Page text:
What is the hypothalamo-pituitary axis?

The hypothalamus is part of the brain that monitors many aspects of the state of the body systems, integrating a large amount of information from many sensory pathways. With regards to the endocrine system it is recognised as being closely linked with the pituitary gland, a small gland hanging from underneath the hypothalamus. There are two parts to the pituitary gland, an anterior part (the adenohypophysis) and a posterior part (the neurohypophysis).

The anterior pituitary

The anterior pituitary contains a number of secretory cells that release hormones, the main ones being:

  • adrenocorticotrophic hormone (ACTH)
  • thyroid stimulating hormone (TSH)
  • growth hormone (GH)
  • follicle stimulating hormone (FSH)
  • luteinising hormone (LH)
  • prolactin (PRL)


These hormones are released in response to stimulation by the appropriate releasing hormones. These are peptide hormones secreted by nerve cells in the hypothalamus. They travel through the portal system of vessels in the pituitary stalk to the secretory cells of the anterior pituitary. There, they cause the production and release of pituitary hormones into the bloodstream.

For Growth Hormone and Prolactin there are also hypothalamic inhibitory hormones which stop their release, providing a control mechanism.

The table below lists the stimulatory and inhibitory hypothalamic releasing hormones for the different anterior pituitary hormones as well as the stimuli for the activation of the systems.

Anterior pituitary hormone Hypothalamic releasing hormone Stimulatory or inhibitory Stimuli for activation of the system
Adrenocorticotrophic hormone (ACTH) Corticotrophin releasing hormone (CRH) Stimulatory Stress (e.g. pain, fever, hypoglycaemia, low BP)
Vasopressin Stimulatory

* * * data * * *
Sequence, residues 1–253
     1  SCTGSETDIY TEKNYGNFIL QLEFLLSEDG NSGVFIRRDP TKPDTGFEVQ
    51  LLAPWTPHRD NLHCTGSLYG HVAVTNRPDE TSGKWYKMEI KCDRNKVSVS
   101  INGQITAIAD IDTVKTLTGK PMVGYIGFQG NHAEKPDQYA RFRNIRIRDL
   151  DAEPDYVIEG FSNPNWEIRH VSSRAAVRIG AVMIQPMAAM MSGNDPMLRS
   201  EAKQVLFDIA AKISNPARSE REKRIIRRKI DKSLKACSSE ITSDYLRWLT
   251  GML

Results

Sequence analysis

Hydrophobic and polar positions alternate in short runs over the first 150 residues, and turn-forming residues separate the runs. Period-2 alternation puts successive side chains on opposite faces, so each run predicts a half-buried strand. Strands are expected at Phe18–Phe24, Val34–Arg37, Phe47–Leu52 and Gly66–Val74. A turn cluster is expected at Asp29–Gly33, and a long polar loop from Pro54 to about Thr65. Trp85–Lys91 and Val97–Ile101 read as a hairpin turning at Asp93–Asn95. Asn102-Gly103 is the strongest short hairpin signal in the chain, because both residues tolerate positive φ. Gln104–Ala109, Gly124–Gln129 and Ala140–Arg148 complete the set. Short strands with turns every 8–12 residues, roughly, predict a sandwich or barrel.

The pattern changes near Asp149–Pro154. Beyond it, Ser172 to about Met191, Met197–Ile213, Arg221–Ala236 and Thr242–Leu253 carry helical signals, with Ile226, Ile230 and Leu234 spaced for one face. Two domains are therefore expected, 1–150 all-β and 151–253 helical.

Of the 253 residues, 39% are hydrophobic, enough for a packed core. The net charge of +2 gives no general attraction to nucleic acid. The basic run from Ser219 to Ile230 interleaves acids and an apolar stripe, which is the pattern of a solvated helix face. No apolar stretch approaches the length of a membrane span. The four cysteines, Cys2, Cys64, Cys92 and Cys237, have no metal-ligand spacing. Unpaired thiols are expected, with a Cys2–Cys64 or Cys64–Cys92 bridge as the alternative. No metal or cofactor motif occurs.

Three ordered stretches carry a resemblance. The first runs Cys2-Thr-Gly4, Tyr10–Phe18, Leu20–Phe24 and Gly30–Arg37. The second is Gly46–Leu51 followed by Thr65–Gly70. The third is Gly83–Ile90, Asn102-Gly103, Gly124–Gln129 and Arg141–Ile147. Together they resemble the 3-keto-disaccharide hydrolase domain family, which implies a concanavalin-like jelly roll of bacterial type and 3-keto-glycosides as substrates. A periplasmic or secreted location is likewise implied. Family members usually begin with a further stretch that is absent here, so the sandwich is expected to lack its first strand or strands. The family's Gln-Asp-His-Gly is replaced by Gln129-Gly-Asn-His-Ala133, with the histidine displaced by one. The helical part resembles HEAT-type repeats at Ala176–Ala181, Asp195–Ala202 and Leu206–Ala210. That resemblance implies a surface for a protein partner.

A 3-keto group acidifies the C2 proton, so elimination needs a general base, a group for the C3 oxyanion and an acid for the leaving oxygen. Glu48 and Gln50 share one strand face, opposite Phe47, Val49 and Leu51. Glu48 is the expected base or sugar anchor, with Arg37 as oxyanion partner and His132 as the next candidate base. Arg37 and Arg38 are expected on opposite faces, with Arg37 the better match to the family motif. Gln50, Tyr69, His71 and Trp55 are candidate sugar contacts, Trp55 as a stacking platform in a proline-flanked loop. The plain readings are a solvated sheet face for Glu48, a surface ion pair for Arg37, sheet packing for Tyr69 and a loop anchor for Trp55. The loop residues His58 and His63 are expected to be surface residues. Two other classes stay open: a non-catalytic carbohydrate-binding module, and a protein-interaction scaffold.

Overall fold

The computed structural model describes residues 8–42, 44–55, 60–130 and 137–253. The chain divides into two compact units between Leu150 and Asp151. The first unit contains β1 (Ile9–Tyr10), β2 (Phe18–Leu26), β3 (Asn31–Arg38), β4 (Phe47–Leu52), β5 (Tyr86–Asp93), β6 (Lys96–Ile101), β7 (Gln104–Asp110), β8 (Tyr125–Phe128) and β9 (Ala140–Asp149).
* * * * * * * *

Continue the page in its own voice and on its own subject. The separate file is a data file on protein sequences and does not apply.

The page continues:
Thyroid stimulating hormone (TSH) Thyrotrophin releasing hormone (TRH) Stimulatory Rhythmic activity in the hypothalamus
Follicle stimulating hormone (FSH) and Luteinising hormone (LH) Gonadotrophin releasing hormone (GnRH) Stimulatory Rhythmic activity in the hypothalamus
Growth hormone (GH) Growth hormone releasing hormone (GHRH) Stimulatory Exercise, stress, hypoglycaemia, arginine administration, high amino acid levels
Somatostatin Inhibitory
Prolactin (PRL) Dopamine Inhibitory Sleep, stress, suckling stimulus
Thyrotrophin releasing hormone (TRH) Stimulatory


For all the anterior pituitary hormones (except Prolactin), negative feedback plays a major role in controlling their release. The pituitary hormones have an inhibitory effect on the stimulatory hypothalamic releasing hormones. In addition, most of the pituitary hormones induce the production of other hormones from their target tissues. These hormones have an inhibitory effect on the pituitary and the hypothalamus, thereby preventing uncontrolled release of the pituitary hormones.

This system is known as the parvicellular system.

The parvicellular system

Illustration of the parvicellular system - click to enlarge

The diagrams below illustrate the three main axes involving the hypothalamus and pituitary: the hypothalamo-pituitary-adrenal axis (HPA axis) the hypothalamo-pituitary-thyroid axis (HPT) and the hypothalamo-pituitary-gonadal axis (HPG axis).

HPT axis (left)      HPG axis (right)

HPT axis (left) and HPG axis (right) - click to enlarge

What are endocrine rhythms?

The release of the hypothalamic releasing hormones is governed by neural stimuli, as these hormones are actually produced by neurones. Their release often follows a periodic rhythm, such that the blood levels of hormones dependent on these releasing hormones fluctuate throughout the day. Some of these rhythms appear to be intrinsic, independent of the environment. Others appear to be linked to the 24-hour day, so called circadian rhythms. An example of the daily pattern of cortisol is given below, a pattern which is generated by the rhythmic release of CRH which causes a rhythmic release of ACTH, which in turn causes a rhythmic release of cortisol.

Cortisol levels

Click to enlarge

Much research is focused on finding the 'biological clock' that sets up these rhythms. At the moment evidence points to a brain region called the suprachiasmatic nucleus (SCN) being the seat of this rhythmic activity.

The posterior pituitary

This part of the pituitary secretes two main hormones:

  • oxytocin
  • vasopressin (also known as anti-diuretic hormone, ADH).


Nerves originating in the supraoptic nuclei and the paraventricular nuclei of the hypothalamus produce oxytocin and vasopressin. These hormones are transported down the nerve cells to the posterior pituitary where they are then released into the bloodstream to affect their target organs. This is known as the magnocellular system.

Diagram of neurohypophysis

Diagram of neurohypophysis - click to enlarge

The specific stimuli for oxytocin and vasopressin release are illustrated below:

Specific stimuli for oxytocin and vasopressin

Click to enlarge